Sophocles 497/496 BC - 406/405 BC
Sophocles is one of three ancient Greek tragedians whose plays have survived. His first plays were written later than those of Aeschylus, and earlier than or contemporary with those of Euripides. According to the Suda, a 10th-century encyclopedia, Sophocles wrote 123 plays during the course of his life, but only seven have survived in a complete form: Ajax, Antigone, The Women of Trachis, Oedipus the King, Electra, Philoctetes and Oedipus at Colonus. For almost 50 years, Sophocles was the most-fêted playwright in the dramatic competitions of the city-state of Athens that took place during the religious festivals of the Lenaea and the Dionysia. He competed in around 30 competitions, won perhaps 24, and was never judged lower than second place. Aeschylus won 14 competitions, and was sometimes defeated by Sophocles, while Euripides won only 4 competitions.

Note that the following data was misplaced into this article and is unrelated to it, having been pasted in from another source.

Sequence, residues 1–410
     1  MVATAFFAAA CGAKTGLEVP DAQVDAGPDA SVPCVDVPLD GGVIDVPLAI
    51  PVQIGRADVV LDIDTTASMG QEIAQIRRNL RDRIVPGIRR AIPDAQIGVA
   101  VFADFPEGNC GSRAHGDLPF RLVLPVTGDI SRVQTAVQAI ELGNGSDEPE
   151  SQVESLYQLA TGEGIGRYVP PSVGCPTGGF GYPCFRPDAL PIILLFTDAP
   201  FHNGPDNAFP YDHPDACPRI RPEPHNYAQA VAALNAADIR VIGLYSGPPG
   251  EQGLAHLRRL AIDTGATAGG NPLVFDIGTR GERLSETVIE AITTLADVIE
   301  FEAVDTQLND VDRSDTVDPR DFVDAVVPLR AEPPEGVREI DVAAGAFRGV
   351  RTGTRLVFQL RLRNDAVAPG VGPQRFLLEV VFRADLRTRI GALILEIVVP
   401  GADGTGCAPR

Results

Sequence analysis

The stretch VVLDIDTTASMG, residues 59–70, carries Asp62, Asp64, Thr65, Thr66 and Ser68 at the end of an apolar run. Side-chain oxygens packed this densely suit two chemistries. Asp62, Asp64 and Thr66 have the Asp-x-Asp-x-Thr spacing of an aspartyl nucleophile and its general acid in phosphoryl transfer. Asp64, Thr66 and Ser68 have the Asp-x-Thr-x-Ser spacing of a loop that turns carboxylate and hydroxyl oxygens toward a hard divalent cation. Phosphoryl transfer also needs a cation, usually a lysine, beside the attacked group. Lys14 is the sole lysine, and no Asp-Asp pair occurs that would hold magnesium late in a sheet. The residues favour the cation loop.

The most famous tragedies of Sophocles feature Oedipus and also Antigone: they are generally known as the Theban plays, although each play was actually a part of a different tetralogy, the other members of which are now lost. Sophocles influenced the development of the drama, most importantly by adding a third actor, thereby reducing the importance of the chorus in the presentation of the plot. He also developed his characters to a greater extent than earlier playwrights such as Aeschylus.
ANTIGONE and ISMENE